I want to translate a List of objects into a Map using Java 8's streams and lambdas.

This is how I would write it in Java 7 and below.

private Map<String, Choice> nameMap(List<Choice> choices) {
        final Map<String, Choice> hashMap = new HashMap<>();
        for (final Choice choice : choices) {
            hashMap.put(choice.getName(), choice);
        return hashMap;

I can accomplish this easily using Java 8 and Guava but I would like to know how to do this without Guava.

In Guava:

private Map<String, Choice> nameMap(List<Choice> choices) {
    return Maps.uniqueIndex(choices, new Function<Choice, String>() {

        public String apply(final Choice input) {
            return input.getName();

And Guava with Java 8 lambdas.

private Map<String, Choice> nameMap(List<Choice> choices) {
    return Maps.uniqueIndex(choices, Choice::getName);

23 Answers 23


Based on Collectors documentation it's as simple as:

Map<String, Choice> result =
  • 176
    As a side note, even after Java 8, the JDK still can't compete in a brevity contest. The Guava alternative looks so much readable: Maps.uniqueIndex(choices, Choice::getName). Mar 3, 2015 at 17:59
  • 4
    Using (statically imported) Seq from the JOOL library (which I'd recommend to anyone using Java 8), you can also improve the brevity with: seq(choices).toMap(Choice::getName)
    – lukens
    Mar 18, 2017 at 8:45
  • 7
    Are there any benefits from using Function.identity? I mean, it -> it is shorter
    – shabunc
    May 30, 2017 at 12:49
  • 10
    @shabunc I don't know of any benefit and actually use it -> it myself. Function.identity() is used here mostly because it's used in the referenced documentation and that was all I knew about lambdas at the time of writing
    – zapl
    May 30, 2017 at 12:57
  • 13
    @zapl, oh, actually it turns out there are reasons behind this - stackoverflow.com/questions/28032827/…
    – shabunc
    May 30, 2017 at 13:39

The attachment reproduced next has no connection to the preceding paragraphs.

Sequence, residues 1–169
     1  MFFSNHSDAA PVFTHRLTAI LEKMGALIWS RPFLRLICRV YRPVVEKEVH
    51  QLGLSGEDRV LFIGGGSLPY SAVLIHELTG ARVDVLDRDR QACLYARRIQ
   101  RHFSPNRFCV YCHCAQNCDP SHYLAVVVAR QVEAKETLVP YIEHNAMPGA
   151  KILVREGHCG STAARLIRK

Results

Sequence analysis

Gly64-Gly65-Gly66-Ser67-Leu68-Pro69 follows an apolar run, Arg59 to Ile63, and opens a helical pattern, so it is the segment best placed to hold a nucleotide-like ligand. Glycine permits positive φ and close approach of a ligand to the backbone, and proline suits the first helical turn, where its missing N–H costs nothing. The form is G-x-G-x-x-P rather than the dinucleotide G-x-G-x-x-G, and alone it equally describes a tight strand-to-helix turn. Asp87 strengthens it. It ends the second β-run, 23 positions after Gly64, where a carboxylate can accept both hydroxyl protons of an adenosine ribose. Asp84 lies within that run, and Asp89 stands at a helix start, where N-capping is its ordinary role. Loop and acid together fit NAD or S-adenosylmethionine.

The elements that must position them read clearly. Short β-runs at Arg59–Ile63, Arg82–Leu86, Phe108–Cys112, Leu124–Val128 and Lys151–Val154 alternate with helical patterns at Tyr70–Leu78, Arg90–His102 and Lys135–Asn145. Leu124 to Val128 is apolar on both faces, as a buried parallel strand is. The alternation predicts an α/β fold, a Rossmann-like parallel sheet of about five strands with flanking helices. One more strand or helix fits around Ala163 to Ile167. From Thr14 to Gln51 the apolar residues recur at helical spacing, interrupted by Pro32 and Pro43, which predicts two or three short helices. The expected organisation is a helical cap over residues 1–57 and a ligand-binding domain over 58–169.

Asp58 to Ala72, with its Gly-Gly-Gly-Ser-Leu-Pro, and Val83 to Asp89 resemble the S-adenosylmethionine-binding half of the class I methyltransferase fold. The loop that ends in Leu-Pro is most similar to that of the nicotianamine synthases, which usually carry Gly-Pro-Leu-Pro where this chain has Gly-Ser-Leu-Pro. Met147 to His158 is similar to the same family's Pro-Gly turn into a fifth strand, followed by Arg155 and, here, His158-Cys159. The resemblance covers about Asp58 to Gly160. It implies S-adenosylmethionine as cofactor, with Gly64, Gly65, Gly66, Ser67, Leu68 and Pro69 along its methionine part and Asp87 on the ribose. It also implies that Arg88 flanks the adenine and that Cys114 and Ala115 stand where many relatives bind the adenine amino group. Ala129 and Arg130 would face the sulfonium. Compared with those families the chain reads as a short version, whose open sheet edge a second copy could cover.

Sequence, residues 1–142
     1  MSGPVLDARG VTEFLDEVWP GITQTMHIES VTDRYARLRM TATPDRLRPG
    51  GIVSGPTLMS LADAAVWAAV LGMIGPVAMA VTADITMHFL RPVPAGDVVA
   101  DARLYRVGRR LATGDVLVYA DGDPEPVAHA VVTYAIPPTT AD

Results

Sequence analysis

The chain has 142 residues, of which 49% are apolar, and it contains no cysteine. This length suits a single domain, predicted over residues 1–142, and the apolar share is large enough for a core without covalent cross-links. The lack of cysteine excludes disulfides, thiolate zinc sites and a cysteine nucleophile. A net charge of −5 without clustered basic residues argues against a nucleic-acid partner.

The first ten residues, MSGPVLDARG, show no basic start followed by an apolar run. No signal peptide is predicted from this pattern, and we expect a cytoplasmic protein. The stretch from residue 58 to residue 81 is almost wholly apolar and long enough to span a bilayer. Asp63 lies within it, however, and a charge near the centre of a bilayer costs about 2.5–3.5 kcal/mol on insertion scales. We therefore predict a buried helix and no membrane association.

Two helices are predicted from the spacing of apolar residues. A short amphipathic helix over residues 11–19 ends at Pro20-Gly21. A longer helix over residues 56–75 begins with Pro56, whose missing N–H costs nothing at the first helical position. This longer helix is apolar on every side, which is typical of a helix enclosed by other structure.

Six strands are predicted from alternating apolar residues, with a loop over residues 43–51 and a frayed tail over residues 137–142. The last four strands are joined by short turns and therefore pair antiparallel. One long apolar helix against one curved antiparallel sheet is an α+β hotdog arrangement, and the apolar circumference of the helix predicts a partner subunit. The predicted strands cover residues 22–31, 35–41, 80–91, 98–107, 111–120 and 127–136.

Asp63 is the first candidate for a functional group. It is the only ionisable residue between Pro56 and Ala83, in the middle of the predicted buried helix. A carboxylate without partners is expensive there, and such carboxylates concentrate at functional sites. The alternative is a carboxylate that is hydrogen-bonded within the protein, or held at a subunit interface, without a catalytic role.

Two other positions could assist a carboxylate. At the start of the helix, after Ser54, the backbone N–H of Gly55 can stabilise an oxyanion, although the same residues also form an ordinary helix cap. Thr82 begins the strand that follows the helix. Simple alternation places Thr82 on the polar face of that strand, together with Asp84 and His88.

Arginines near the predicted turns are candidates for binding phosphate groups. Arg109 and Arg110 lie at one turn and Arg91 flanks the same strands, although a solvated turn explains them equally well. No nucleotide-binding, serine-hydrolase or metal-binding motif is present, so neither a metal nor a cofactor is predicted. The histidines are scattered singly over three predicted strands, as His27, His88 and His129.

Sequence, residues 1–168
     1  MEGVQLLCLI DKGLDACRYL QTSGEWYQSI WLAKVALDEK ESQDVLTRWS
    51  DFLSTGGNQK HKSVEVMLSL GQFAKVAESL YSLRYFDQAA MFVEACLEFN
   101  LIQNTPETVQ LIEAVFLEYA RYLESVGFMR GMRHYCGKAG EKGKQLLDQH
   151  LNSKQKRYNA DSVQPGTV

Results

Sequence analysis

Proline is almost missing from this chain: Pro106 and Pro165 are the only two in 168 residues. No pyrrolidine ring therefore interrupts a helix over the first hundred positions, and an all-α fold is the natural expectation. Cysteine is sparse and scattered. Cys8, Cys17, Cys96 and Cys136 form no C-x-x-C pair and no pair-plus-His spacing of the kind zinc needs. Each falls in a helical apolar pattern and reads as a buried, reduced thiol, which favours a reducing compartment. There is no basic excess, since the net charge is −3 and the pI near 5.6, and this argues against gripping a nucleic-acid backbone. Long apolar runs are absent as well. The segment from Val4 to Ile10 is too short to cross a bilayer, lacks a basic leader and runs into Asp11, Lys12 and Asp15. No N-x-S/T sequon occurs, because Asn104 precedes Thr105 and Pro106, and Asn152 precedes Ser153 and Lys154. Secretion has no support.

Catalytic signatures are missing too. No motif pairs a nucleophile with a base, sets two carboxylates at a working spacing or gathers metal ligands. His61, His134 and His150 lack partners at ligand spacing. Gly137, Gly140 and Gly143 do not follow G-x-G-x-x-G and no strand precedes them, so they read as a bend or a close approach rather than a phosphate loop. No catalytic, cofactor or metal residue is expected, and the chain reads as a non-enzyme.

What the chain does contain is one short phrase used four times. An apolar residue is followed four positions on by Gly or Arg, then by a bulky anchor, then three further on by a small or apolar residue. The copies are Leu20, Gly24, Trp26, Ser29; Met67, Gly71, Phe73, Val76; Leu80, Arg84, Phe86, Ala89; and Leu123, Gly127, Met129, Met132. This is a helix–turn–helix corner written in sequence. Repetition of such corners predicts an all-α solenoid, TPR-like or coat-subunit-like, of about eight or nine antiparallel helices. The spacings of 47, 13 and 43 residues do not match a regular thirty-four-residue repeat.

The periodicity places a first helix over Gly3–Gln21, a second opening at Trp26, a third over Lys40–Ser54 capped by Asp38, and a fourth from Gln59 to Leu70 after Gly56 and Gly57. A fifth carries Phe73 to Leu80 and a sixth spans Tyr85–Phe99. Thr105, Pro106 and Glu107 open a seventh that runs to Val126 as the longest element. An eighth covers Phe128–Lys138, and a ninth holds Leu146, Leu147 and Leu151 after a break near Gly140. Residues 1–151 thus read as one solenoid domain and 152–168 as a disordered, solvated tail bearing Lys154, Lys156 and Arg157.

If your key is NOT guaranteed to be unique for all elements in the list, you should convert it to a Map<String, List<Choice>> instead of a Map<String, Choice>

Map<String, List<Choice>> result =
  • 77
    This actually gives you Map<String, List<Choice>> which deals with the possibility of non-unique keys, but isn't what the OP requested. In Guava, Multimaps.index(choices, Choice::getName) is probably a better option if this is what you want anyhow. Oct 29, 2014 at 4:41
  • or rather use Guava's Multimap<String, Choice> which comes quite handy in scenarios where same key maps to multiple values. There are various utility methods readily available in Guava to use such data structures rather than creating a Map<String, List<Choice>>
    – Neeraj B.
    Jul 6, 2018 at 14:03
  • 1
    @RichardNichols why is the guava Multimaps method a better option? It can be an inconvenience since it doesn't return a Map Object.
    – theyuv
    Nov 1, 2018 at 13:47
  • 2
    @RichardNichols it might no be what OP requested but I was looking for exactly this and am so happy that this answer exists! Jan 26, 2021 at 11:19

Use getName() as the key and Choice itself as the value of the map:

Map<String, Choice> result =
    choices.stream().collect(Collectors.toMap(Choice::getName, c -> c));
  • 22
    Please write some description so that user can understand. Feb 28, 2015 at 7:38
  • 4
    It's really too bad there isn't more details here, because I like this answer best.
    – MadConan
    Nov 24, 2015 at 13:50
  • 9
    It's equal to choices.stream().collect(Collectors.toMap(choice -> choice.getName(),choice -> choice)); First function for key, second function for value
    – waterscar
    Jan 6, 2016 at 7:29
  • 21
    I know how easy it is to see and understand c -> c but Function.identity() carries more semantic information. I usually use a static import so that i can just use identity()
    – Hank D
    Apr 9, 2016 at 21:06

Most of the answers listed miss a case when the list has duplicate items. In that case, their answer will throw IllegalStateException. Refer to the below code to handle list duplicates as well: